Black and African American
An African American is a person whose origins are in any of the Black racial groups of Africa. If appropriate, specific terms such as Kenyan or Nigerian may also be used. Black is broader and more inclusive than African American; someone within your target audience could be born in Jamaica and live in the U.S. and identify as Black but not African American. Use of the capitalized Black recognizes that language has evolved and, especially in the United States, the term reflects a shared identity and culture beyond skin color.
When discussing scientific data, use the term that was used when the research (the source of the data) was being conducted. Capitalize the word Black when referring to race. Do not hyphenate African American or other dual-heritage terms.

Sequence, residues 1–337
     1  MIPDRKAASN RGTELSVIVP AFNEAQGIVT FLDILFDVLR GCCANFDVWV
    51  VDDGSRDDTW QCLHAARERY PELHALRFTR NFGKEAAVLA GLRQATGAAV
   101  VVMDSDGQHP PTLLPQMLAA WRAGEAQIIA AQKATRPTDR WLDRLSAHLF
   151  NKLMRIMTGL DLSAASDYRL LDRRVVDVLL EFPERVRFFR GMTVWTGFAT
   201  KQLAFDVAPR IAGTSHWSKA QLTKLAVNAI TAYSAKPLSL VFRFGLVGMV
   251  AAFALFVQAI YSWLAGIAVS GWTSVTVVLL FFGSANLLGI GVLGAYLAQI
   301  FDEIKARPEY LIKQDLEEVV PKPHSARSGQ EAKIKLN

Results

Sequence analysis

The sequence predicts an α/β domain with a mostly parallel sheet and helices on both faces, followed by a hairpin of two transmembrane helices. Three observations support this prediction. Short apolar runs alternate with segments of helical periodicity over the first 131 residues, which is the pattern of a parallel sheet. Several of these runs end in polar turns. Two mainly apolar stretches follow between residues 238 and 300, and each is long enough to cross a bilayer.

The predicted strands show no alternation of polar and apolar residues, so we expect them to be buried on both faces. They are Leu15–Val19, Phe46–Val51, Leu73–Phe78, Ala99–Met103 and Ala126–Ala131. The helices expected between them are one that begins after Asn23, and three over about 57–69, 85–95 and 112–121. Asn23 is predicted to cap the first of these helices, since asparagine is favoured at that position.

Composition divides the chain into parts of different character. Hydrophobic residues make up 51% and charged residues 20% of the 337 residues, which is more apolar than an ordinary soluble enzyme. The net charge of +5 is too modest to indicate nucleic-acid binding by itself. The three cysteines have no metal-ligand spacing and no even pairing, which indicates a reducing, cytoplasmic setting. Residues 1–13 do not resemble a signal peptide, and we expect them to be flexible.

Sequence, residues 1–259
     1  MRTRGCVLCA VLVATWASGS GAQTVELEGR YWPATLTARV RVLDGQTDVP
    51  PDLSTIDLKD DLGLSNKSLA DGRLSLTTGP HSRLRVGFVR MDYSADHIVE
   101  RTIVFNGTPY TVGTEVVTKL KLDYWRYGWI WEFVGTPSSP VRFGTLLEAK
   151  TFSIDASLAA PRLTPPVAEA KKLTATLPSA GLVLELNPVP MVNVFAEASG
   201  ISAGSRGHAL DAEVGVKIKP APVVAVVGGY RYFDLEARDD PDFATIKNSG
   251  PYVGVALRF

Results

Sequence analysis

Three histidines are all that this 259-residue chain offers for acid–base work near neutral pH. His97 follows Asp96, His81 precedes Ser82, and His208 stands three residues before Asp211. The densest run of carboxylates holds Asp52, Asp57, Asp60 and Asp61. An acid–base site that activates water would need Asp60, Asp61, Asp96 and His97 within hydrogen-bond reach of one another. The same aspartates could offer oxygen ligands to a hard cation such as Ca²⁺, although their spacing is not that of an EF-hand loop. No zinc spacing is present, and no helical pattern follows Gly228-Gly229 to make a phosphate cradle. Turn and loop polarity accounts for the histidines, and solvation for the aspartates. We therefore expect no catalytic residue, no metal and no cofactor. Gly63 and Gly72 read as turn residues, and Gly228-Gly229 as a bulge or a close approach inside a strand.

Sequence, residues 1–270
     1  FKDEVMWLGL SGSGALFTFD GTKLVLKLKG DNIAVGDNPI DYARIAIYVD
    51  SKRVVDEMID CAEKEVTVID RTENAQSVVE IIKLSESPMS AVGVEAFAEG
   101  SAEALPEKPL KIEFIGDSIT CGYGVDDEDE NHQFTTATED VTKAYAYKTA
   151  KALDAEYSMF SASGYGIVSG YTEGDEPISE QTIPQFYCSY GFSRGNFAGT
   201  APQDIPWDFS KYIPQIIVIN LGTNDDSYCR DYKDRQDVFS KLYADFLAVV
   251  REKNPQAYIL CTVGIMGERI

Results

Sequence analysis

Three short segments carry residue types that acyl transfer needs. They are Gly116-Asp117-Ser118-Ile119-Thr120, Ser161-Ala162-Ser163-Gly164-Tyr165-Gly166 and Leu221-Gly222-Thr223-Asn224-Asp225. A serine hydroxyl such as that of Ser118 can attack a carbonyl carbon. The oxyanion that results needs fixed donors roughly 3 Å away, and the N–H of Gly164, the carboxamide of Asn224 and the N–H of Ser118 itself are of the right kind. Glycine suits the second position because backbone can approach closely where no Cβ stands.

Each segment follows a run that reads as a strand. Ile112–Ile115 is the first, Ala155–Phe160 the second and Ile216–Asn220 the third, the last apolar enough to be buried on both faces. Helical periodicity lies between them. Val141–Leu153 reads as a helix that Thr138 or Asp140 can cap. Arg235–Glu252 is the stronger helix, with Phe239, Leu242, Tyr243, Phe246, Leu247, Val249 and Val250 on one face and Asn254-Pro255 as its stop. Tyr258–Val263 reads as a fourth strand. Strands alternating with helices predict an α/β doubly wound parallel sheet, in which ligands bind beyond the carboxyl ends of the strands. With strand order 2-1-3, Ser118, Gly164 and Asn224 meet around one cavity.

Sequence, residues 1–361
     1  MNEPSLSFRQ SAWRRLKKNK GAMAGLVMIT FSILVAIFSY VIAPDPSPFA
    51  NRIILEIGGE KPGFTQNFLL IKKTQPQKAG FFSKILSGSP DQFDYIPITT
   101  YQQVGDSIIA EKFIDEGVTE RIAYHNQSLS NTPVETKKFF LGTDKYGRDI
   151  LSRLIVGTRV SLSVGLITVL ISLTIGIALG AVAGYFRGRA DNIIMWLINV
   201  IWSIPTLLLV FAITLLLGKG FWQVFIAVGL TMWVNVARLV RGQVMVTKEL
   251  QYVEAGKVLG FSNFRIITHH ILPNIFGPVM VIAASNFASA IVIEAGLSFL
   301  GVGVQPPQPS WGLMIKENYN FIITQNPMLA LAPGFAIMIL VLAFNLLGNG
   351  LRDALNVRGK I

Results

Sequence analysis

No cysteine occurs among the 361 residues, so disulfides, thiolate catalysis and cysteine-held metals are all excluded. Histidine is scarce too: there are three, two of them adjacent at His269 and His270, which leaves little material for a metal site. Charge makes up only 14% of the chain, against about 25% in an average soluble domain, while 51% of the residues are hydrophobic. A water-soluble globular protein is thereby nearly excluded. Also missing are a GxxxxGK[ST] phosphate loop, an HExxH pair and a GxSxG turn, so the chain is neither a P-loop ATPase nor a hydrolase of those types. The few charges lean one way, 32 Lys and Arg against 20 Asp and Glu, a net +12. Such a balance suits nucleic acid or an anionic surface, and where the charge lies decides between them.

Latino/a, Latinx, Latine
A person whose origins are in Latin America, including Cuba, Mexico, Puerto Rico, South America, or Central America. If appropriate, specific terms such as Brazilian or Honduran may also be used. Latino is reserved for men and Latina for women. The plural Latinas is for a group of women and Latinos is for a group of men. A mixed gender group of Latin American descent, however, would use the masculine Latinos.
Latinx is a gender-neutral term used primarily by English-speaking people in the U.S. Latinx is a research-based designation, rather than community-based language. Only use Latinx if someone has said they identify that way; it is not accepted or used by many Latinos.
Latine, a term created by LGBTQI+ Spanish speakers, uses the letter "e" to illustrate gender inclusivity within existing Spanish pronunciation.